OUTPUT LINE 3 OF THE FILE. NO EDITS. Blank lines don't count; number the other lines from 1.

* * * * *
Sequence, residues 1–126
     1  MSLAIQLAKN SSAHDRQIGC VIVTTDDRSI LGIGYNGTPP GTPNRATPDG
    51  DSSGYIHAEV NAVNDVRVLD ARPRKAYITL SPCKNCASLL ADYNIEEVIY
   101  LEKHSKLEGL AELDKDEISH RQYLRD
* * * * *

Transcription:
    51  DSSGYIHAEV NAVNDVRVLD ARPRKAYITL SPCKNCASLL ADYNIEEVIY